The arts are important in strengthening the city and communities. Arts advisors are available to provide advice and are interested in fostering partnerships and collaborative projects.
Mā te pohewa mā te auaha hoki, ka whakapuaki ngā kura e huna ana.
With imagination and creativity, a hidden jewel can be revealed.
Toi Ōtautahi/Christchurch Arts is a first for the arts in New Zealand.
It is a new kind of partnership strategy, co-created and to be co-owned with the arts sector and major funding agencies, including
Our goal is to create an environment where creative people want to live and produce work by positioning our city as a place where experimentation and artistic risk-taking are supported.
The strategy outlines a number of ways that our city can support the growth and development of our local arts sector and attract national and international artists to Christchurch.
The result will bring wide benefits to Christchurch by activating and bringing life to the city, improving our people’s sense of wellbeing and identity, attracting visitors and boosting the economy.
Along with our key supporters, we’re working with the arts community and education sector. It’s a collaborative process, and we want you to be involved.
Christchurch City Council is committed to achieving an enlivened and creative city, where the arts are recognised as being essential to cultural and social well-being.
Pou o te whakaaro
Pou o te tangata
Pou o te aroha
Te Pou e here nei I a tatou
Mauri ora ki a tatou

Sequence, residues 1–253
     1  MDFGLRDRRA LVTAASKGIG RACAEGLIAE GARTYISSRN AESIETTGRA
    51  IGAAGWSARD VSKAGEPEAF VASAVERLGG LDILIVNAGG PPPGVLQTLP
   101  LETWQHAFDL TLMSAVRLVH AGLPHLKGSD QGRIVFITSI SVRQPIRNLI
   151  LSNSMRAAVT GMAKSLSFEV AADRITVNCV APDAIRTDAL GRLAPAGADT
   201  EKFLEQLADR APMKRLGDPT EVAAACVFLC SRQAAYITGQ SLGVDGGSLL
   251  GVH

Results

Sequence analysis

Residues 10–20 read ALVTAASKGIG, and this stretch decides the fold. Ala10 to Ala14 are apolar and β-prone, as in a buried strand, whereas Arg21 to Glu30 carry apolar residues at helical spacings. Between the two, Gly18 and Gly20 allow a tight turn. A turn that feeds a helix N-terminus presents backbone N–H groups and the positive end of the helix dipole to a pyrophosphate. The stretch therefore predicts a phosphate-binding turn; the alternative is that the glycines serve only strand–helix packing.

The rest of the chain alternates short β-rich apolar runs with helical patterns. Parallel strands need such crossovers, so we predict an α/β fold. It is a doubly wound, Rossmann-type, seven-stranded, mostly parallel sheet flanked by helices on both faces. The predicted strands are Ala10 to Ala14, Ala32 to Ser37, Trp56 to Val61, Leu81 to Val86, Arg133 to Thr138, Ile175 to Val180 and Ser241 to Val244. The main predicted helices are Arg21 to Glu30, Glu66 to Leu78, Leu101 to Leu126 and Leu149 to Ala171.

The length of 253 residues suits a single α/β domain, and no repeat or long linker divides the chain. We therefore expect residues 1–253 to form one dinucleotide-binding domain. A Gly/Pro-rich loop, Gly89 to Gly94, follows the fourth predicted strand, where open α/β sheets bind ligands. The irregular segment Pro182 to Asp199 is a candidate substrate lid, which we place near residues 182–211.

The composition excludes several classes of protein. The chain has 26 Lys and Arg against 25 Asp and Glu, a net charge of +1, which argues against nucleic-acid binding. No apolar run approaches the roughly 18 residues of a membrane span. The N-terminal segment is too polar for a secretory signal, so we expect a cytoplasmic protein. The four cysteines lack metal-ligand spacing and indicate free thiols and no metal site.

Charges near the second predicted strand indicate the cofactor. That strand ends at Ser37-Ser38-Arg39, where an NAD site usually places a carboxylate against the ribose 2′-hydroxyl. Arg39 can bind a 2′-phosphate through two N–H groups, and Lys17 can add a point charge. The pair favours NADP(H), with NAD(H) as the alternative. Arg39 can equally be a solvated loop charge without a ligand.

|May clarity be yours
May understanding be yours
Through personal endeavour
The virtues which bind us as one
May we be filled with wellbeing
Toi Ōtautahi – Strategy for the Arts and Creativity in Ōtautahi Christchurch 2019–2024 [PDF, 959 KB] aims to support the development of local artists, generate new opportunities for employment and artistic expression and participation, as well as improving the quality of the built environment through public arts.
Arts advisors are available to provide advice and assistance to artists, arts organisations and the wider community, and are interested in fostering partnerships and collaborative projects.
Council provides a range of funding mechanisms to support arts and cultural projects, creative organisations and businesses, including:
The Council is committed to local Māori arts practice and language development.
Māori arts celebrate our unique past and are making an invaluable contribution to the city’s rebuild. Council has legislated responsibilities to Māori which includes ensuring there are opportunities for Māori to participate in public life.
Promoting and developing traditional and contemporary Māori arts practices and language in Ōtautahi Christchurch is an important component of this and is given effect through Council’s Arts Policy and Strategy.
Arts and culture have a major role to play in the rebuild and revitalisation of our city.